Egusi soup is unarguably the most popular Nigerian soup. In my few years as a food blogger and Nigerian food lover, I have learned that different recipes exist across different Nigerian ethnic groups.
The Yorubas make efo elegusi while the Igbos make ofe egusi, all with similar ingredients but with slightly different approaches.
This is how to make egusi soup with lumps… the kind you only get to eat when you visit a 5-star restaurant or hotel 😀
Like I stated on the introductory page; Nigerian egusi soup is the most popular around here. On this page, I also included a video recipe for this soup and then a list of some other Nigerian soups that are in the same category as this yummy soup.
What you find below is a delicious plate of egusi soup and fufu, a popular Nigeria combination.
Ingredients For Egusi Soup
preparation time: 80 minutes
2KG Assorted meat
4 cups of egusi (melon)
Roasted fish (about two medium sizes)
1 cup of ground crayfish
2 cups of washed bitter leaves
3 seasoning cubes
300ml of palm oil
About 2 liters of water
Salt to taste
Pepper to taste (scotch bonnet).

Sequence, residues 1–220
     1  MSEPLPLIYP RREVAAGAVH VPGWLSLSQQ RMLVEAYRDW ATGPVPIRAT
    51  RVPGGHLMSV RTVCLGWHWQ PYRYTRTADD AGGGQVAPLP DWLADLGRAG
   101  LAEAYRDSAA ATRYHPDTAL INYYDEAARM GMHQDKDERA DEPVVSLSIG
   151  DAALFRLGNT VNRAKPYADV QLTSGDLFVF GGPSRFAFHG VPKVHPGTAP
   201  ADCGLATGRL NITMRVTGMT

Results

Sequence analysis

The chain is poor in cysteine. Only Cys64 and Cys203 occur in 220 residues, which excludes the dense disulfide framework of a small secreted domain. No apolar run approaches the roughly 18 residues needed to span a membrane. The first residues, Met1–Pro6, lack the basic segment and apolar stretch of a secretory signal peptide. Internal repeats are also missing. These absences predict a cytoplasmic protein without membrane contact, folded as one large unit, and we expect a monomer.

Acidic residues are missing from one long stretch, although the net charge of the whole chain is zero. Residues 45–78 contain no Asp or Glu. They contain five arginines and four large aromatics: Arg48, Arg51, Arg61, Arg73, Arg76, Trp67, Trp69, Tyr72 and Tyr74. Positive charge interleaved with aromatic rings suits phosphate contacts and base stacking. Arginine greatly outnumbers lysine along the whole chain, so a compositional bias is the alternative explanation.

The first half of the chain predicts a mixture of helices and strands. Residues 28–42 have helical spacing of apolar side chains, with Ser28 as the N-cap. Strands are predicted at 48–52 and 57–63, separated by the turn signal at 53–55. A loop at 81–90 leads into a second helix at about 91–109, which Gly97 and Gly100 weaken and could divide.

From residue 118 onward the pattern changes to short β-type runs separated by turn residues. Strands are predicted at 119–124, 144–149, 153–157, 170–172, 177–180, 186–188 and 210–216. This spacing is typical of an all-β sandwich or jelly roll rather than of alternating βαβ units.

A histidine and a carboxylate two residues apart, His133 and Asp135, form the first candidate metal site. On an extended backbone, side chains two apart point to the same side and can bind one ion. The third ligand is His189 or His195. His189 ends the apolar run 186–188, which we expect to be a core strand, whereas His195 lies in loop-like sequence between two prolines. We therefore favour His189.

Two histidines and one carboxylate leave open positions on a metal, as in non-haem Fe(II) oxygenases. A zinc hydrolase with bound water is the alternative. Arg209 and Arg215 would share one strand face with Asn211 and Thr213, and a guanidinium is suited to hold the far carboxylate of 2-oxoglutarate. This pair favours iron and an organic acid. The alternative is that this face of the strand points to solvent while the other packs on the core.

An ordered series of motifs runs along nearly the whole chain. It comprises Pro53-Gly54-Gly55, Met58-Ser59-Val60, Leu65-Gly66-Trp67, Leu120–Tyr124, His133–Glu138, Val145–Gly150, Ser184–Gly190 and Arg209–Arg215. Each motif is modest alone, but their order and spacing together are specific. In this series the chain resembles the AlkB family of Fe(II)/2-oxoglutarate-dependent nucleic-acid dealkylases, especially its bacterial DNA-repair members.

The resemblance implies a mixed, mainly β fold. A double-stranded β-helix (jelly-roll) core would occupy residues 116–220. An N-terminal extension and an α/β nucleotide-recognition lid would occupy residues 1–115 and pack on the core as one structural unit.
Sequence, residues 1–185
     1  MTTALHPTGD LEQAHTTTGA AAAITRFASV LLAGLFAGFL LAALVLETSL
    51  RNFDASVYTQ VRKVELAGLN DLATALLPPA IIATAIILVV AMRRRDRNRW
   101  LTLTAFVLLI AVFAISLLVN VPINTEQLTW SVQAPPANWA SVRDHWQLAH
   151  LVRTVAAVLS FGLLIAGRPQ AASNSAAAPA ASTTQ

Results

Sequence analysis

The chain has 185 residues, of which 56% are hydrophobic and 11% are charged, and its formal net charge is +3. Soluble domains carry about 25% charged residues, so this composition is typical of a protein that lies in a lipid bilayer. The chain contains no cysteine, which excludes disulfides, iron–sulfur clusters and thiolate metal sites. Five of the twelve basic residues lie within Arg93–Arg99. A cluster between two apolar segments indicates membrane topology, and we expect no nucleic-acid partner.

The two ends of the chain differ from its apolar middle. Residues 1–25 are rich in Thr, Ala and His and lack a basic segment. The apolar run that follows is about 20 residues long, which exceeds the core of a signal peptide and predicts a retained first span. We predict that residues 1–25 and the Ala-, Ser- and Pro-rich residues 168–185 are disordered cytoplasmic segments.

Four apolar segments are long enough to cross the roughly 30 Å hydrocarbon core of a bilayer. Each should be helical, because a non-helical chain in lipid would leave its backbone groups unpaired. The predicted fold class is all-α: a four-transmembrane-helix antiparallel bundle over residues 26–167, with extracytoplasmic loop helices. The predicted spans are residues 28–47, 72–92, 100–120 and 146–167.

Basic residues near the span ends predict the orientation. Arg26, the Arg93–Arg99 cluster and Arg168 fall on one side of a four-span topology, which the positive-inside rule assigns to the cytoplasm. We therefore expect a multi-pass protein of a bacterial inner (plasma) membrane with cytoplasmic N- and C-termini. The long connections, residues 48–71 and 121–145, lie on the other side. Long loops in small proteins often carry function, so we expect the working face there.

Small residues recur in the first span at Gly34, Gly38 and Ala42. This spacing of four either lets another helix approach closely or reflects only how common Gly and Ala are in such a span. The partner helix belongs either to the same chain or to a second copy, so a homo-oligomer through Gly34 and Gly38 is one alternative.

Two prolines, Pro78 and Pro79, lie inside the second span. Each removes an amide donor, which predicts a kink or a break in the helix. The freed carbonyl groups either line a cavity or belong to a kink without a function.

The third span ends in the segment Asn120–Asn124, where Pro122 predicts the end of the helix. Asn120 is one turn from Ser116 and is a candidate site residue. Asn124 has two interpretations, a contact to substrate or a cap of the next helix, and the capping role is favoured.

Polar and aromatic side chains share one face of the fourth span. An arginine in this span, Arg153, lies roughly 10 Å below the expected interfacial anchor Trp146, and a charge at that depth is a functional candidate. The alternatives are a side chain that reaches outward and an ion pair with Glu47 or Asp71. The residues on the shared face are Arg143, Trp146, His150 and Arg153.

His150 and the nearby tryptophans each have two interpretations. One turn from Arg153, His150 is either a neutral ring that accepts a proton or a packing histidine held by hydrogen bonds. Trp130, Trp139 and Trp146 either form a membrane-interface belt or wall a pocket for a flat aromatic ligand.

One medium-sized Stock fish head (okporoko)
20g Dawadawa or opkei (local ingredients)
The above-listed ingredients will make a large pot of egusi soup, see the bottom of this page. This soup will serve a family of 4 persons for three times. You can always refrigerate leftovers.
This recipe shows you how to prepare Egusi soup with lumps, the kind you only find in posh restaurants and eateries.
Grind the four cups of egusi with a dry blender or hand grinding machine and set aside in a bowl. Add about a cup of water to it and stir to make a very thick paste as you can see below.
Be sure that the bitter leaves (onugbu) are washed, it is advisable to remove over 95 percent of the bitter taste; we know this process well in Nigeria; it involves washing and squeezing the bitter leaves for several minutes in a gigantic bowl.
If you bought the already-washed bitter leaves from the market already, it is advisable to boil alone for about ten minutes, this would further remove the bitter taste and serve other purposes.
Parboil the meat with all the ingredients, it is advisable to parboil meat with some ingredient before adding to the principal food, this improves the taste of the meat.
Parboil for about ten minutes, then add water and cook till the meat is tender and the stock (water) is about to dry. Use two seasoning cubes, a teaspoon of salt and a half cup of sliced onions.
Pour hot water over the stockfish in a bowl and wash thoroughly to remove sand, then set aside. Also remove center bone from the roasted fishes, wash and set aside too.
How to make Egusi Soup with Bitterleaf
Set your cooking pot on the fire and add 300ml of palm oil (red oil), allow to heat for a minute but don’t allow to bleach. Add the egusi paste and keep stirring for the next eight to ten minutes to form seed-like crumbs. See the image below.
Then transfer the already cooked meat into the pot, stir.